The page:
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Fine Gael's EU party pulls out of talks on high-profile nature law

The proposed law, which would set targets for restoring nature, has been the subject of controversy in Europe and in Ireland.

Lauren Boland reports from Brussels

FINE GAEL’S POLITICAL group in the EU Parliament has pulled out of negotiations on a high-profile piece of proposed legislation to restore and protect nature.

The European People’s Party (EPP) walked out of committee talks about the Nature Restoration Law today, releasing a statement describing “serious concerns” over the proposal.

Before the EU Parliament votes on legislation, each ‘file’ is assigned to a committee of MEPs who debate the matter and vote on a proposal to go forward to the parliament.

Such votes are always the result of intense negotiations and compromises, but a withdrawal from negotiations is more unusual.

The proposed law would set legally-binding restoration targets for ecosystems for the first time that would need to cover at least 20% of the EU’s land and sea area by 2030 and all ecosystems that are in need of restoration by 2050.

One such measure would be the rewetting of some drained peatlands with a view to restoring degraded soils and trapping carbon in the ground rather than allowing it to be emitted into the atmosphere as carbon dioxide.

The Greens and other MEPs on the left have stressed that the law would be of major importance to nature, biodiversity, and battling the climate crisis.

However, the EPP has said this afternoon in a statement it believes the law would “lead to less food production in Europe, pushing food prices even higher” and risk “undermining food security in Africa even more and blocking infrastructure projects that are crucial for our climate transition”.

The EPP’s chief negotiator on nature restoration, MEP Christine Schneider, said: “We cannot continue as if nothing has happened to our economy since the start of the war and the excessive pressure it puts on our rural communities and our farmers. The EPP Group is in favour of nature protection and restoration, but this law is simply not good enough.”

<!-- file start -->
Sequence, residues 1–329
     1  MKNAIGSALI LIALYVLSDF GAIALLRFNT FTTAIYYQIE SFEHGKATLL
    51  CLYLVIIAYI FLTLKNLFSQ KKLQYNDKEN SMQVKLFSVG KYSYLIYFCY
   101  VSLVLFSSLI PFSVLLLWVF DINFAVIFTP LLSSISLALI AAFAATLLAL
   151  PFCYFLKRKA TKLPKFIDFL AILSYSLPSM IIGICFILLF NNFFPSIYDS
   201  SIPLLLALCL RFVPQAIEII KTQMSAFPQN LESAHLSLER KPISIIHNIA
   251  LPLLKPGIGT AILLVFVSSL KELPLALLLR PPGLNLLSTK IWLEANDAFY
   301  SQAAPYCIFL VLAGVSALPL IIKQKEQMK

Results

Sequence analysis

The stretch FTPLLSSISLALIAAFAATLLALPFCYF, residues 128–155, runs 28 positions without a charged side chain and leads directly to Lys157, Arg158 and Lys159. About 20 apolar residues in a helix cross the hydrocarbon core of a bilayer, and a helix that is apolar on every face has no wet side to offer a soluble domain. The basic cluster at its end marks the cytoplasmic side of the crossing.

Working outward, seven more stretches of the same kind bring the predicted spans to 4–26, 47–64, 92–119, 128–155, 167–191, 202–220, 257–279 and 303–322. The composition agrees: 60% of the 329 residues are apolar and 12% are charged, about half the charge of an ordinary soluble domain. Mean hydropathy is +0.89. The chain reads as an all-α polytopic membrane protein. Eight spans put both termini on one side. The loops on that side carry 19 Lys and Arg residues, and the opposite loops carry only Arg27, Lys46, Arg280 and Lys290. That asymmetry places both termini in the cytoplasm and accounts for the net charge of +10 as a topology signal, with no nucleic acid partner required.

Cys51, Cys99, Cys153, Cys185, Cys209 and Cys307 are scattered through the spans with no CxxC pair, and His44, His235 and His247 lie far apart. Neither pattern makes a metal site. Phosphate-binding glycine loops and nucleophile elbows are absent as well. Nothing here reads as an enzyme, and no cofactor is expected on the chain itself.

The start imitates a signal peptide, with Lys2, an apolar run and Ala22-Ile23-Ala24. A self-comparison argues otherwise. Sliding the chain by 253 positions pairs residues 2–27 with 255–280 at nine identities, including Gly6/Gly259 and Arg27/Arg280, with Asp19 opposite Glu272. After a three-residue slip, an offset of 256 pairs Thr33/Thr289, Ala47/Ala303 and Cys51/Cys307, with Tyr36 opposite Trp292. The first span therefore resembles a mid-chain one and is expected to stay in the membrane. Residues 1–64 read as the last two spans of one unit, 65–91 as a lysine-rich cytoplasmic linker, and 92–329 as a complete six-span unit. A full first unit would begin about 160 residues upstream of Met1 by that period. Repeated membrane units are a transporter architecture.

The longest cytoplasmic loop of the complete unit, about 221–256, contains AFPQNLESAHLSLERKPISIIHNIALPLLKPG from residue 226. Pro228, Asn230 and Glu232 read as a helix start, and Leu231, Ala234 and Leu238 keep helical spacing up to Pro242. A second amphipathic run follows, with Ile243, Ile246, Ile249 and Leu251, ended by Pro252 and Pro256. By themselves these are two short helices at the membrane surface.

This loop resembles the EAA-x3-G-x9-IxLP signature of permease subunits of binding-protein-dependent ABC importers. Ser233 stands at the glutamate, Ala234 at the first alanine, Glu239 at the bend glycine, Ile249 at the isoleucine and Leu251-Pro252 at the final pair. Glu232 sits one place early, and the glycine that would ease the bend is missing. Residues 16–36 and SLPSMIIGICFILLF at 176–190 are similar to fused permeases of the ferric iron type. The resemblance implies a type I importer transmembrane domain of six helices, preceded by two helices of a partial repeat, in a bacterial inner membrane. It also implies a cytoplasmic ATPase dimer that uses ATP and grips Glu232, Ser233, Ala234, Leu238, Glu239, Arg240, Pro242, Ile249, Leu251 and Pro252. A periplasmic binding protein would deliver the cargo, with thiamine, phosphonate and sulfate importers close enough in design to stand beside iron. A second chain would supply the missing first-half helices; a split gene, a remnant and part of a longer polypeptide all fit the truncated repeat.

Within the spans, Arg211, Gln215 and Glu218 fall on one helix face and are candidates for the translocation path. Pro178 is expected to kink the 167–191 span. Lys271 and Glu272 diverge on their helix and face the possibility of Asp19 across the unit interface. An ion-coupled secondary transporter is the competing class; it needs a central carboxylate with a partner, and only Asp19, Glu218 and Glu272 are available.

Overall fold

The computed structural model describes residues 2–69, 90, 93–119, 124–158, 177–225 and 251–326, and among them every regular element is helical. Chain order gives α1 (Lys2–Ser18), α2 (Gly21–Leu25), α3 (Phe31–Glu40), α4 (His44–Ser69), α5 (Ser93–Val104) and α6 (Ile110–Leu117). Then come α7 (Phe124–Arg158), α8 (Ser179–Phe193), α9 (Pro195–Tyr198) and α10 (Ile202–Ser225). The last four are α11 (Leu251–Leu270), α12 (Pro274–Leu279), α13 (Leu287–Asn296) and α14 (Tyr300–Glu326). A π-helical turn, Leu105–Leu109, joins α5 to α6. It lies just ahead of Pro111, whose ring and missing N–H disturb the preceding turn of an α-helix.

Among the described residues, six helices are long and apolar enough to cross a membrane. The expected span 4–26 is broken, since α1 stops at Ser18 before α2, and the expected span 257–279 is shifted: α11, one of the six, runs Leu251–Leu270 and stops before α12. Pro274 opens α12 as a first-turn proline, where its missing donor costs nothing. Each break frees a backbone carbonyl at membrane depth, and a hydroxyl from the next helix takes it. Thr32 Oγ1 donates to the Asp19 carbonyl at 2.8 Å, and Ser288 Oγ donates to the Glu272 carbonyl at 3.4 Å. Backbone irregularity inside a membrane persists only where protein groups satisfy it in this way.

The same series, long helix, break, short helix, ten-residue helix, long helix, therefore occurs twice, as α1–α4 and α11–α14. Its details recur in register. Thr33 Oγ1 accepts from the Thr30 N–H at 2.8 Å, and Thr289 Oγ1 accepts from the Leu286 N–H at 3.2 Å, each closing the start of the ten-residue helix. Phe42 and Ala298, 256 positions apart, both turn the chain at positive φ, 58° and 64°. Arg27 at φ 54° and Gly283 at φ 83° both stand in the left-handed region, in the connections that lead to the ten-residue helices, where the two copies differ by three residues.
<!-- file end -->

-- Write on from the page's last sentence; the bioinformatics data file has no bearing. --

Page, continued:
The proposed legislation has also become politically contentious in Ireland in recent weeks, with debate focusing on to what extent land that was drained in the past for agricultural use may need to be rewetted.

Speaking to The Journal, Green Party MEP Ciarán Cuffe said he was “saddened but not entirely surprised by the European People’s Party’s walkout from these talks”.

“I think we’re seeing a reaction to the European Green Deal from the centre right in Europe where they are suggesting that the deal has gone too far, but I think they are only looking at the short term,” he said.

“It’s really important to look at the bigger picture and the big picture on the Nature Restoration Law is that we’re seeing an unprecedented loss of habitats and species around Europe and a loss of soil quality, and unless we tackle these issues, we’ll see an increase in the amount of extreme weather events, crop failure, droughts, and other events in Europe and around the world.

“If we scrap the Nature Restoration Law, I think it puts the agriculture sector at risk. It puts jobs in agriculture at risk and the long-term picture could be quite bleak.”

Also reacting to the announcement, Fine Gael/EPP MEP Deirdre Clune said that there are “a lot of people who feel very strongly about the legislation”.

“It still has to go through the plenary in July. We’re at the stages of seeing how it goes and where it ends up,” she said.

Fellow Fine Gael MEP Colm Markey said that the voting system is “not like at home where it’s a whip type of system, so there’s a little bit more flexibility in terms of how that works”, but that members are faced with the question of “can you change something with amendments or is it fundamentally not where EPP wants to be”.

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